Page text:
Synthetic yellow pigments at the Royal Pavilion, Brighton, 1800 to 1822

Conference poster for: "Art and Chemistry: Colour",
Société de Chimie Industrielle, 16-18 September 1998, Paris

Janet Brough, Royal Pavilion, Libraries and Museums, Brighton, UK
tel: +44 (0) 1273 292747    fax: +44 (0) 1273 292871


Rich colours were an important feature in late 18th and early 19th century European aristocratic interiors. Many of these schemes have been subsequently lost. The Royal Pavilion in Brighton, created between 1785 and 1823 for the son of King George III, is one of the surviving buildings. The exotic interiors, although somewhat fragmented, have also survived, and in recent years analytical studies have been made of the actual pigments used for the decorations. The Prince Regent (later King George IV) and his designers made full use of new yellow colours made available by recent rapid advances in chemistry.


       1: Rapid use of new synthetic pigments
       2: Theories of harmony
       3: Matching antique colours
       4: Chinese use of colour
       5: Differing uses of lead oxychloride & chrome yellow in the Royal Pavilion
       6: References to patent yellow & chrome yellow in contempary accounts of the Royal Pavilion
       7: Identifications of yellow pigments used in the Royal Pavilion

1: Rapid use of new synthetic pigments

Rapid increases in chemical understanding during the 18th century led to the discovery and production of many new pigments. Knowledge of these discoveries spread rapidly within the European scientific community of the period, irrespective of the country of origin. Dissemination of these ideas must have been assisted by language skills shared across frontiers. Latin, Greek and French were all at this time part of a pan-European tradition of elite education. Sir Humphrey Davy, in his paper of 1815 on ancient pigments [1], was able to refer not only to specific Latin and Greek texts, but also to recent papers published by J.A.C. Chaptal in the 'Annales de Chimie'. Production of new colours in various locations throughout Europe rapidly followed this new scientific understanding.

Rival nations anticipated these new colours would play a commercial role in the burgeoning industrial production of consumer trade goods. In 1809, Louis Nicolas Vauquelin wrote that only twelve years after his successful isolation of the metal chrome, the new pigment, oxide of chromium was already in use at porcelain factories in Sevres and Limoges [2].

Although the most important market for pigments was perceived to be an industrial one, interior decorators were also surprisingly quick to utilise colours that allowed new aesthetic possibilities. Lead oxychloride (or Turner's Patent Yellow, as Carl Wilhelm Scheele's new pigment of ~1770 became known in England) and Chrome Yellow (first produced between 1797 and 1809) were both used by decorators and wallpaper manufacturers working on the Royal Pavilion soon after their invention. These artists and designers had reason to welcome the availability of two new bright clear yellow pigments.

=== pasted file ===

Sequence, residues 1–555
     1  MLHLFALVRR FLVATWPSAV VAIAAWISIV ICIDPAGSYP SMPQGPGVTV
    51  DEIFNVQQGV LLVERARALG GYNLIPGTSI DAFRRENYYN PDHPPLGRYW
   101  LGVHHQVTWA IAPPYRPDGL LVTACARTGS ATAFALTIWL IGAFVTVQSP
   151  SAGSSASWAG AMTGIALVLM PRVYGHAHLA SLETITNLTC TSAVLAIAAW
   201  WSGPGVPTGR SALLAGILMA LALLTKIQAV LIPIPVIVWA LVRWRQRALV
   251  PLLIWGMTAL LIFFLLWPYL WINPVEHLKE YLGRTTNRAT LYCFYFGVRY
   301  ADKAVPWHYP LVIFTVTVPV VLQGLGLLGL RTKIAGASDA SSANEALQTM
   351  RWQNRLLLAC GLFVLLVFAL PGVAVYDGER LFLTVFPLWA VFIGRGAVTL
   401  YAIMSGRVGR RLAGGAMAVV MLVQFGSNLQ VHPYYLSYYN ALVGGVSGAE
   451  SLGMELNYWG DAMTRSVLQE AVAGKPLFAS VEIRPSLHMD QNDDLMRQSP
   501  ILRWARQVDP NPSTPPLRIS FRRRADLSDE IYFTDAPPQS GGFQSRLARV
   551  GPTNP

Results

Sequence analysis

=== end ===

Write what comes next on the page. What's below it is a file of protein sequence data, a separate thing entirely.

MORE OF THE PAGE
Figure 1: The Yellow Drawing Room, circa 1818, as shown in Nash's views of the Royal Pavilion

2: Theories of harmony

According to aesthetic and pseudo scientific theories of the early 19th century, strong yellows were important in the production of harmonious effects (in combination with other strong primary colours). It was even hoped that universal laws of colouring could be discovered analogous to laws of music, language or science; the decorator David Ramsay Hay wrote [3]:
  The harmonic ratios operate upon them (colours) ... as distinctly as they do upon the notes in the scale of the musician; and if these ratios were properly studied, it would enable the student in art to impart, with perfect certainty, harmony to his works.   
Strong bright reds and blues were already commercially obtainable in practical quantities, but until the advent of Patent and Chrome Yellow, a sufficiently intense yellow to balance the use of these was not available. Those known in the middle of the 18th century were either not bright enough, not available in sufficient quantities, were toxic, faded, or were not useful in both oil or water-based paint.

3: Matching antique colours

At this time there was also a revival of interest in the use of strong polychromy due to the continued discovery of the remains of brilliant colouring on many revered classical monuments. Davy, for example, wrote in 1815 on the colouring in the Baths of Titus in Rome [1]:
  The decorations of the baths were intended to be seen by torchlight, and many of them were at a great elevation, so that the colours were brilliant and the contrast strong.   
Figure 2: Detail of Roman wall painting, Pompeii

The new brilliant yellows answered a real need, offering an opportunity to match the colour systems of antiquity; Davy himself regarded their qualities as superior to those of the classical times they were intended to emulate:
of the colours, the discovery of which is owing to improvements in modern chemistry, the patent yellow is much more durable than any ancient yellow of the same brilliancy; and the chromate of lead ... is a much more beautiful yellow than any possessed by the ancients, and there is every reason to suppose, is quite unalterable,   
This interest both in classical colouring and theories of harmony contributed to the early 19th century fashion for intensely coloured rich interiors [4], of which the Royal Pavilion at Brighton is a fine example.

4: Chinese use of colour

The interest of George IV in the art of China provided other reasons for the use of yellow. If any universal laws of colour harmony did indeed exist, all polychromatic traditions, not just those of classical antiquity would need to be included in such theories. Colour systems used in non-European cultures were at that time also a source of inspiration, and considered worthy of study. Gottfried Semper wrote [5] that in China: